Last update: August 24th, 2019 at 2:00 pm
Bright jewel-like colors sparkle in the shallow waters around The Bahamas and many islands, cays, and islets while the dark navy-blue waters of the Atlantic Ocean creates a dramatic color contrast. The Moderate Resolution Imaging Spectroradiometer (MODIS) aboard NASA’s Terra satellite captured this stunning true-color image on October 19, 2016.
The Bahamas is an island nation made up of about 700 islands, cays, and islets which sit on shallow underwater plateaus (also known as banks). The largest plateau is the Great Bahama Bank, which underlies Andros island in the west, Eleuthera Island in the east, and New Providence Island (home to the capital city of Nassau) in the north. The varied colors of the banks visible in this image suggest the uneven floor underlying the waters in this region. The sharp outline of the dark blue indicates the dramatic drop from the plateau to the ocean floor. In the banks, the water depth can often be as shallow as 10 meters (33 feet) while the ocean basin drops as low as 4,000 meters (13,100 feet).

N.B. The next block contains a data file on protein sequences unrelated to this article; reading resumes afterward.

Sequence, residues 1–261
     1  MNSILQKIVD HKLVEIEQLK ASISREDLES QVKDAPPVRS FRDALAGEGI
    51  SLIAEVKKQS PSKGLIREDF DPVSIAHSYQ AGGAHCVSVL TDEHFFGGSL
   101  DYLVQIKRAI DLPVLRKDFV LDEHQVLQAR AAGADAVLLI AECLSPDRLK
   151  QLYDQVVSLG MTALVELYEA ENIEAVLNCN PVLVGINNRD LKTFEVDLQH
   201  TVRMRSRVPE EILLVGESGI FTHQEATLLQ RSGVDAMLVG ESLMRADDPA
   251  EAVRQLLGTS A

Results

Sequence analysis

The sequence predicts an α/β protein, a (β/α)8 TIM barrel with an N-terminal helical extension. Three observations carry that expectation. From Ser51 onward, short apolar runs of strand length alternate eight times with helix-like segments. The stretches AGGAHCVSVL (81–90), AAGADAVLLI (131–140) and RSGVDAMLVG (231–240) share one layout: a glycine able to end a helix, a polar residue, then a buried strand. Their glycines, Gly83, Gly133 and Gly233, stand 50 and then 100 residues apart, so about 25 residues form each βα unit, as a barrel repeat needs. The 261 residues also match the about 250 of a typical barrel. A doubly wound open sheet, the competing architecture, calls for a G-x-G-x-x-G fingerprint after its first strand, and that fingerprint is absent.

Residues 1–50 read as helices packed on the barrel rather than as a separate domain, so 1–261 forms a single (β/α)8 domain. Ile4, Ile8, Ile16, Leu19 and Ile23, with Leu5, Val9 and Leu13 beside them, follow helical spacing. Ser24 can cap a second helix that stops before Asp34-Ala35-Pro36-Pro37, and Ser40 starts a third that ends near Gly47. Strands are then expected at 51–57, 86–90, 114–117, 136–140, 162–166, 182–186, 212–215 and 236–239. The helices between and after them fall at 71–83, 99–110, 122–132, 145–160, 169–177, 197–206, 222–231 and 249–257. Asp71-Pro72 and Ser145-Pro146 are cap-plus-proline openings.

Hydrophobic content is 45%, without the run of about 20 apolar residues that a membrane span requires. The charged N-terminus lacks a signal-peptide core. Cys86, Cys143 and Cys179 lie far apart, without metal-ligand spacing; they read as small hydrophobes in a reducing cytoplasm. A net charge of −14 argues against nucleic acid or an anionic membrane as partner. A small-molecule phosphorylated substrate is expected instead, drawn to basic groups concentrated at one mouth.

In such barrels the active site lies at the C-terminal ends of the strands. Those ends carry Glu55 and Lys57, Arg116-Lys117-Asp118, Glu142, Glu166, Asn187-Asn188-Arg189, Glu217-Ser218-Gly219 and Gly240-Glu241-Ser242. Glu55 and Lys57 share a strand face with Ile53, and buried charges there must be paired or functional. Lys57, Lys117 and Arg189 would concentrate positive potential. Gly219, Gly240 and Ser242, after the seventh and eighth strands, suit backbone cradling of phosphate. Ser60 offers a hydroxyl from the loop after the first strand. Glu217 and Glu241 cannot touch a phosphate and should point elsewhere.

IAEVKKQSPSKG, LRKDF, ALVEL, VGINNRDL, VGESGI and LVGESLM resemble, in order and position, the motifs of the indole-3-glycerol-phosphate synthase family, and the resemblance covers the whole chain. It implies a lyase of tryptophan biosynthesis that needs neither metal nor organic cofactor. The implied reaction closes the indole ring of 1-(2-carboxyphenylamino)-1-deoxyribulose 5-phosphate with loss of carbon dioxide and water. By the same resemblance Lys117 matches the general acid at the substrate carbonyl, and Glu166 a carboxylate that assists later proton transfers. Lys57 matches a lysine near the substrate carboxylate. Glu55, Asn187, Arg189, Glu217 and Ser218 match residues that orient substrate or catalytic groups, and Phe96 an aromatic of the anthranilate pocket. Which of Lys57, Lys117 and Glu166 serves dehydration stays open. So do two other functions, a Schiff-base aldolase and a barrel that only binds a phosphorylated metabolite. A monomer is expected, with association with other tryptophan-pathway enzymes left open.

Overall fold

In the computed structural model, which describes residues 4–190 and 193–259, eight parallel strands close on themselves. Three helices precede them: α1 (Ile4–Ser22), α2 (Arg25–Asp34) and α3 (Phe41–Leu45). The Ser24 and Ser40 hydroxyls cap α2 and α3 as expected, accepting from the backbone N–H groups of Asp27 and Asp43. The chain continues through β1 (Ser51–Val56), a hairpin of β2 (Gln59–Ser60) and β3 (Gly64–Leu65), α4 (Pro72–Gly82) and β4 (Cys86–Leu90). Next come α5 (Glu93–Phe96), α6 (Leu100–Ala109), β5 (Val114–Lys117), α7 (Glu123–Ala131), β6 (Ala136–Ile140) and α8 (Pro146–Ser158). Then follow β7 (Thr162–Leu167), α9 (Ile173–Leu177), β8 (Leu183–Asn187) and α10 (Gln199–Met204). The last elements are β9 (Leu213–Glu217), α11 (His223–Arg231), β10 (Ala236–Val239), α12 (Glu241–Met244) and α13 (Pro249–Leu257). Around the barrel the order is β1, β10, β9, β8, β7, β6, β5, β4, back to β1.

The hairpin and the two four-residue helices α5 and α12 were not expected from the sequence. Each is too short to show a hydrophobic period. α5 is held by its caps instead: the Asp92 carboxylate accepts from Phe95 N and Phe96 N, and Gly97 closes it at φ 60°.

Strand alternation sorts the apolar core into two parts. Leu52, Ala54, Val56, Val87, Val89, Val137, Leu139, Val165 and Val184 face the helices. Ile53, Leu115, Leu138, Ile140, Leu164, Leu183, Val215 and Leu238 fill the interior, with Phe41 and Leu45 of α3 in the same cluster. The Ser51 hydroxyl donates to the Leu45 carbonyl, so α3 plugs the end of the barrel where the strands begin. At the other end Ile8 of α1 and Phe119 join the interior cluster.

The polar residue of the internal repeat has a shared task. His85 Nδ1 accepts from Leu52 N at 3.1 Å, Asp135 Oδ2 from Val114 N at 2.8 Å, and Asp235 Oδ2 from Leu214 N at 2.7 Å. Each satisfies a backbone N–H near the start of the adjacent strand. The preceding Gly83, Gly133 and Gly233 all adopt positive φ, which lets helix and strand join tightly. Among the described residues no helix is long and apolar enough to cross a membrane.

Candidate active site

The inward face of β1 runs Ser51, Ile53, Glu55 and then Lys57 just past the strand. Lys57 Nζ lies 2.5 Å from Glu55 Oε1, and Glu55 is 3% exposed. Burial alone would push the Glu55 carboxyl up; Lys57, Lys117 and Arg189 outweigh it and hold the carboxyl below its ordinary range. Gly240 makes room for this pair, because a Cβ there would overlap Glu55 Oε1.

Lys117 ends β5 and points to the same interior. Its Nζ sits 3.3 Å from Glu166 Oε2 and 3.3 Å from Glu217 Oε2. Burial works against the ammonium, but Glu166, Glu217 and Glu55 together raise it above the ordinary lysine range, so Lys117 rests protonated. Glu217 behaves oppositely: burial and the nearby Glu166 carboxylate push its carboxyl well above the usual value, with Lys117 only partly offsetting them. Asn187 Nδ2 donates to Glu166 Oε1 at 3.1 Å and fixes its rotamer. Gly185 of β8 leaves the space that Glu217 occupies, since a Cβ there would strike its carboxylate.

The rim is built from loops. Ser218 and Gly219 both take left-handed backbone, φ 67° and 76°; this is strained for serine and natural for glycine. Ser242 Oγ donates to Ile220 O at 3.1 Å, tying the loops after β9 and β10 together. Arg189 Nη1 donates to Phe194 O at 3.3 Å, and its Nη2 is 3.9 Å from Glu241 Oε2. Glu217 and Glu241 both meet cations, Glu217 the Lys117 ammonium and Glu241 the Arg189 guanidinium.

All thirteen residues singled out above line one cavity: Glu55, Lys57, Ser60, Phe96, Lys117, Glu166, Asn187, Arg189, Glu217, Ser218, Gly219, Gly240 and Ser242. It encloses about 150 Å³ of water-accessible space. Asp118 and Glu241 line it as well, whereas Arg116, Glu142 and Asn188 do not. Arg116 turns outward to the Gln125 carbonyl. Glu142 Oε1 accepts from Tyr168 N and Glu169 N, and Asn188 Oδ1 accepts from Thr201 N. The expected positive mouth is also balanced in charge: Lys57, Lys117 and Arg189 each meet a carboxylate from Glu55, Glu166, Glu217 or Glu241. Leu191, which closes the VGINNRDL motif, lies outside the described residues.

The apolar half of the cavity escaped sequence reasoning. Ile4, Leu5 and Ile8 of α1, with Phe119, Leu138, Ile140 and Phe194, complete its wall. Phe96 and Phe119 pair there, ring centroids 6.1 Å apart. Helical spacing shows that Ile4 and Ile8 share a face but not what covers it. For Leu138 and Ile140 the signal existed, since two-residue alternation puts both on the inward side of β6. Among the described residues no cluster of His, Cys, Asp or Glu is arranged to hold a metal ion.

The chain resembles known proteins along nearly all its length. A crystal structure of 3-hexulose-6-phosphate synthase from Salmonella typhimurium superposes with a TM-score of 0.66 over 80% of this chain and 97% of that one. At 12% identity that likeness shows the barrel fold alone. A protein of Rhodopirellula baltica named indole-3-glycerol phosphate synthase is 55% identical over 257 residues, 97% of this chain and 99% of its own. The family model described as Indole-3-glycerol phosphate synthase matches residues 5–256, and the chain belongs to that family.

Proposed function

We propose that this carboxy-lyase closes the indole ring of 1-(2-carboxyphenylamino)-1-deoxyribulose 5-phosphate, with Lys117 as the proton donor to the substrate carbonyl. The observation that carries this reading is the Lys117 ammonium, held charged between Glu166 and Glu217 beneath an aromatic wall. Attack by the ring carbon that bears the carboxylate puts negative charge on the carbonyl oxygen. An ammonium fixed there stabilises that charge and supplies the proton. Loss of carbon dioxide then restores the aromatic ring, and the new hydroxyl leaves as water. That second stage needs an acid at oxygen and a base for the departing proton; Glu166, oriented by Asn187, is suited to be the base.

Hurricane Matthew struck the Bahamas on October 5-6 as a Category 3 and 4 hurricane, with winds of over 140 mph (225 km/h). The major damage was felt in the northern islands, with reports of severe damage to buildings, power outages, and boats pushed ashore by dangerous storm surge. Heavy winds and drenching caused damage on New Province, primarily power outages and cancellations of numerous airline flights. Andros and Eleuthera reported less damage than the northerly islands.